At 6:15 AM on June 6th 1982, on the first day of the Lebanon War, Tel-Aviv born director Samuel Maoz killed a man for the first time in his life. By the end of that day he had killed many more. He was twenty years old. Twenty-five years later he wrote the script for the film Lebanon – his cinematic confession. In the intervening years he quieted the memories of that day behind denial and outbursts of violent anger. It was the only way he felt he could survive. Trained as a gunner for The Armored Corps of the Israel Defence Forces he had only practiced kill shots on barrels of gasoline. When he returned from the war his Mother embraced him, weeping with gratitude that he had been returned to her safe and sound:
“In fact, I did not come home at all. She had no idea that her son had died in Lebanon and that she was now embracing an empty shell”
Lebanon is not an easy watch – you need to know this upfront. Comparisons to Das Boot and Black Hawk Down will undoubtedly be drawn and these familiar touchstones will create a sense of complacency about the manner of film you might expect to see. Yet you have probably never seen a film like Lebanon before. It sequesters its audience inside a tank with four young men about whom we know nothing beyond the anecdotes they share. We see what they see, hear what they hear and fear what they cannot. Shmuel the gunner, Assi the commander, Hertzel the loader and Yigal the driver are our companions for this unapologetic journey into the heart of the conflict. Excepting two exterior shots we observe everything down the crosshairs of the tank’s gunsight. Intelligence is received over the crackling radio and the only tangible contact with the outside world comes from furious visits from commander Gamil as young Shmuel struggles to obey a horrifically basic order. Kill.
There is a raw simplicity to Lebanon which takes your breath away; the story is related with the matter-of-factness of a child. I had imagined that the gunsight perspective would provide the audience some detachment from the brutality of the images of bloodshed, but it does not. Samuel’s intention was that you experience the emotional punch of the subject matter by staring directly at it. He has certainly achieved that. During our interview he was emphatic that true emotion is best expressed solely through the eyes. For the ninety-three minutes there is no let up for the viewer because the camera, like the gunsight, never blinks respite from the brutality outside. Rather than the claustrophobic atmosphere you might expect, there is a terrible intimacy inside the tank, every sound and emotion amplified by the tight space. There is little artifice and the emotional content, though stark, is not contrived.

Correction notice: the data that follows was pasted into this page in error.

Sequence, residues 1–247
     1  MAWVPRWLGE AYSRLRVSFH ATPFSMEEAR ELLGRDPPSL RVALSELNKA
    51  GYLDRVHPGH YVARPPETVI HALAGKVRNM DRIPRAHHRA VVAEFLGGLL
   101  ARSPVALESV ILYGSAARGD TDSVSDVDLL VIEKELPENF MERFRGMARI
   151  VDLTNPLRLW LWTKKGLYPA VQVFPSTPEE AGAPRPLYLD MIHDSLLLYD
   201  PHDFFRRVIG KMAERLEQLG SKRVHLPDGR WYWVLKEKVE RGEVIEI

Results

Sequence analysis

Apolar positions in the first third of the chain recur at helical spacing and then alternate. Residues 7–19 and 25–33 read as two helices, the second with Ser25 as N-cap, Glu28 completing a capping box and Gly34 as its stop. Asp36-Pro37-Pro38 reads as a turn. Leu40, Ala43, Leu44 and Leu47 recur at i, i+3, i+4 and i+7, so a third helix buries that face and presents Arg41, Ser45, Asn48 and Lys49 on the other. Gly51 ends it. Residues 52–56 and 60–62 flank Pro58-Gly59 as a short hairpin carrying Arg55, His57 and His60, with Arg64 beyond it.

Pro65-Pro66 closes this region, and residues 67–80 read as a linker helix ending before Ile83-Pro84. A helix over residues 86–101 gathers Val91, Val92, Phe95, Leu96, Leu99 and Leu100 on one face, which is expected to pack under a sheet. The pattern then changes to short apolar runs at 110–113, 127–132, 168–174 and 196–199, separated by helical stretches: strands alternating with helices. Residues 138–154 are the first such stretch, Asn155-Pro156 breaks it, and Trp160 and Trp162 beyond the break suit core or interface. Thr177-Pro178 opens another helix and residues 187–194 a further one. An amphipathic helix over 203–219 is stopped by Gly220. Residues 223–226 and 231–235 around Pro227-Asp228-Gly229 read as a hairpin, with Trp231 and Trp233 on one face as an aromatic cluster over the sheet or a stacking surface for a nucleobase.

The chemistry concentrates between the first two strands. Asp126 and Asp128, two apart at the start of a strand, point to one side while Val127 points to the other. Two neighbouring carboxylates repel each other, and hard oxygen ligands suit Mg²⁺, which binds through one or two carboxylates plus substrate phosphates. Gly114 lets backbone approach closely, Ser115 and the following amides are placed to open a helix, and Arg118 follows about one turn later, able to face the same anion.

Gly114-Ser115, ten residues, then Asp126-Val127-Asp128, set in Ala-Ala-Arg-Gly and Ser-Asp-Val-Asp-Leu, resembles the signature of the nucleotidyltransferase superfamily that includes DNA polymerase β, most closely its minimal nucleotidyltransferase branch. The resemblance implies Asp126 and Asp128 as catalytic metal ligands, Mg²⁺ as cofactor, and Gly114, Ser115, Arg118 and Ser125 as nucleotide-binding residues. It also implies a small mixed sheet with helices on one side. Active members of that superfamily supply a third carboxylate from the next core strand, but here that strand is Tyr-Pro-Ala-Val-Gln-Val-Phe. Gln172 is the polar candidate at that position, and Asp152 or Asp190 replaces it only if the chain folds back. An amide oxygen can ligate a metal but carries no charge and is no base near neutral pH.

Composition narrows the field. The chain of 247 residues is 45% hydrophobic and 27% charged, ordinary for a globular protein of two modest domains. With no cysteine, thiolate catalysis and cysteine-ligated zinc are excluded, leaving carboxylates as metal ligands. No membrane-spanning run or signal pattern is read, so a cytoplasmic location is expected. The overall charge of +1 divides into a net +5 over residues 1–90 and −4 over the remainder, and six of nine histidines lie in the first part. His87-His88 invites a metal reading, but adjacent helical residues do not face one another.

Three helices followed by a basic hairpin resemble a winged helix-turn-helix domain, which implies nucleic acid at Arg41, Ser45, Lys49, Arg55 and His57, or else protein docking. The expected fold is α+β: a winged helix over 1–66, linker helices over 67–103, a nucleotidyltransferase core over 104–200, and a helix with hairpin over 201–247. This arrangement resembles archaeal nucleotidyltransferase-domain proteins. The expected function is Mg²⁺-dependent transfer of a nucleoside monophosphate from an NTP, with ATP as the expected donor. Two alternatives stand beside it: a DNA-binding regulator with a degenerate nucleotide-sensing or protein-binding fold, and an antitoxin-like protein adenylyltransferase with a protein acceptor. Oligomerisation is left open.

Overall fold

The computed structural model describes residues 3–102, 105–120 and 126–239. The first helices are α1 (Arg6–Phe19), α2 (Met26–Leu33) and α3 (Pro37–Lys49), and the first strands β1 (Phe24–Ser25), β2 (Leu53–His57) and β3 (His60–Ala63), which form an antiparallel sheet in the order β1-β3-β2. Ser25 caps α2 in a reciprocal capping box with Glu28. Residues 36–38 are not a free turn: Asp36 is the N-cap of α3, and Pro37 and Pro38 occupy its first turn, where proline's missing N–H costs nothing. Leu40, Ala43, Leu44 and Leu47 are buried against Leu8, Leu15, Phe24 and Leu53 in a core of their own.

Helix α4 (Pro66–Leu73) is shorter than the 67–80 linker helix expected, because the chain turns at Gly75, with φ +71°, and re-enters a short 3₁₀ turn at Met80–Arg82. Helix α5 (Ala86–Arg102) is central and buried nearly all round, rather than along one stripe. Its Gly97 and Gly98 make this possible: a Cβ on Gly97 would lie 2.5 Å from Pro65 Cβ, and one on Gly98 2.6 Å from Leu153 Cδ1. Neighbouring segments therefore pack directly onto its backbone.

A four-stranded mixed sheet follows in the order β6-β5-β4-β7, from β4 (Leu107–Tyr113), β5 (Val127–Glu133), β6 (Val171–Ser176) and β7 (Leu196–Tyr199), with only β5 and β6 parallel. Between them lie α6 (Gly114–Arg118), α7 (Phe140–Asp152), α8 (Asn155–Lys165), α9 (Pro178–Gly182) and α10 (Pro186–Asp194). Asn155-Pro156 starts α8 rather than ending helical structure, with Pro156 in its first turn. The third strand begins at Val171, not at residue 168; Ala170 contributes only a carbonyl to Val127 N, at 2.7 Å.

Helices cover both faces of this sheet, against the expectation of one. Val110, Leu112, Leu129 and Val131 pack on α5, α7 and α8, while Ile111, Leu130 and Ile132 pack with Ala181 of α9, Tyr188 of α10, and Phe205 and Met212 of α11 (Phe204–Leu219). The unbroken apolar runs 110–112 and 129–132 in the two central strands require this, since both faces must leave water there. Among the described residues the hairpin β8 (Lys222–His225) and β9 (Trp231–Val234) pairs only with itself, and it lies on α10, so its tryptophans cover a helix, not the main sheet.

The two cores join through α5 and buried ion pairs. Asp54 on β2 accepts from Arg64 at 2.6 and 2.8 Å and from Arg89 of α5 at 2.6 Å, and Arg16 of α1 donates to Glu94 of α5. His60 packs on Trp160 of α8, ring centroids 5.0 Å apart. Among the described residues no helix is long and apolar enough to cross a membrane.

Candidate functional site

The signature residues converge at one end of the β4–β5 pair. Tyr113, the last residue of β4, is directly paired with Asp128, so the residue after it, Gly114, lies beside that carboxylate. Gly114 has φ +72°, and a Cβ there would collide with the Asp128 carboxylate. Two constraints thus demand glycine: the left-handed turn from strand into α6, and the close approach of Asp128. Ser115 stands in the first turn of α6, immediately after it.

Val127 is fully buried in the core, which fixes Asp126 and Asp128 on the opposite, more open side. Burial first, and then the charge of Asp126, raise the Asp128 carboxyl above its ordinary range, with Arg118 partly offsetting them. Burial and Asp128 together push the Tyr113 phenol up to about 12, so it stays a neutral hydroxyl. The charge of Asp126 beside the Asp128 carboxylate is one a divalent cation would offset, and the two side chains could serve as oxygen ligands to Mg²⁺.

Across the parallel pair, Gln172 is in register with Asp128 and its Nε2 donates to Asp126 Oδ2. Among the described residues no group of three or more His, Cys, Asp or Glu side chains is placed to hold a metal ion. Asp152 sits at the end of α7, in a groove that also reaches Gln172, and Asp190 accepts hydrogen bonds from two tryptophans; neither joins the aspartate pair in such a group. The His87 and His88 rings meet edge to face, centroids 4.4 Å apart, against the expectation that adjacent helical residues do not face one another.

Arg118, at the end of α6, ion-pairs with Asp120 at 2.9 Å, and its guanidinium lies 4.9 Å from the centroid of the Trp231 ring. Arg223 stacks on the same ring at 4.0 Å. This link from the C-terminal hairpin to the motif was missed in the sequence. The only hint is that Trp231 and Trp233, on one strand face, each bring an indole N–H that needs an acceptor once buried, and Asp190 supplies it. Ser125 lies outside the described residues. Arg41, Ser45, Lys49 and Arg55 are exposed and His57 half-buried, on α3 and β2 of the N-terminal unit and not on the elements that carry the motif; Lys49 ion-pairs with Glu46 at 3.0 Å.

All four leads, Yoav Donat (Shmuel) in particular, impressed in their demanding roles. To convey such depth of feeling in a film which contains so little dialogue is commendable. The stand-out performance for me came from Zohar Strauss as commander Gamil. The thinly veiled rage and passion of his character recalled Tony ‘Scarface’ Montana and to watch the range of emotions dance across his face was, to me, every bit as exhilarating.
During a location tour for the film, the heads of department realised that they had each played a part in the first Lebanon conflict. The art director a combat medic, the gaffer a paratrooper and D.O.P Giora Bejach an Air Force intelligence controller. As they reminisced they discovered something extraordinary: a cry for help that Bejach had intercepted of a lone tank lost deep in the industrial zone of Beirut had originated from Samuel Maoz’s tank. The story they were recounting was that of those events. This extraordinary coincidence aside, the singular experiences of all these men lend an articulacy to the sparse story of Lebanon which make it quite exceptional. A man is killed in revenge, a family are spared then destroyed and a young man shaves his face in a stranded tank and slowly loses his mind…
I must confess I turned away from certain scenes in this film. Like the water pooled on the floor beneath Assi’s feet, the picture gets dirty fast. It is tense and it is cruel. Lebanon does not beg forgiveness and it doesn’t take the time to wonder why? This is not a popcorn-and-a-coke movie, but it may well prove to be one of the best you’ll see this year.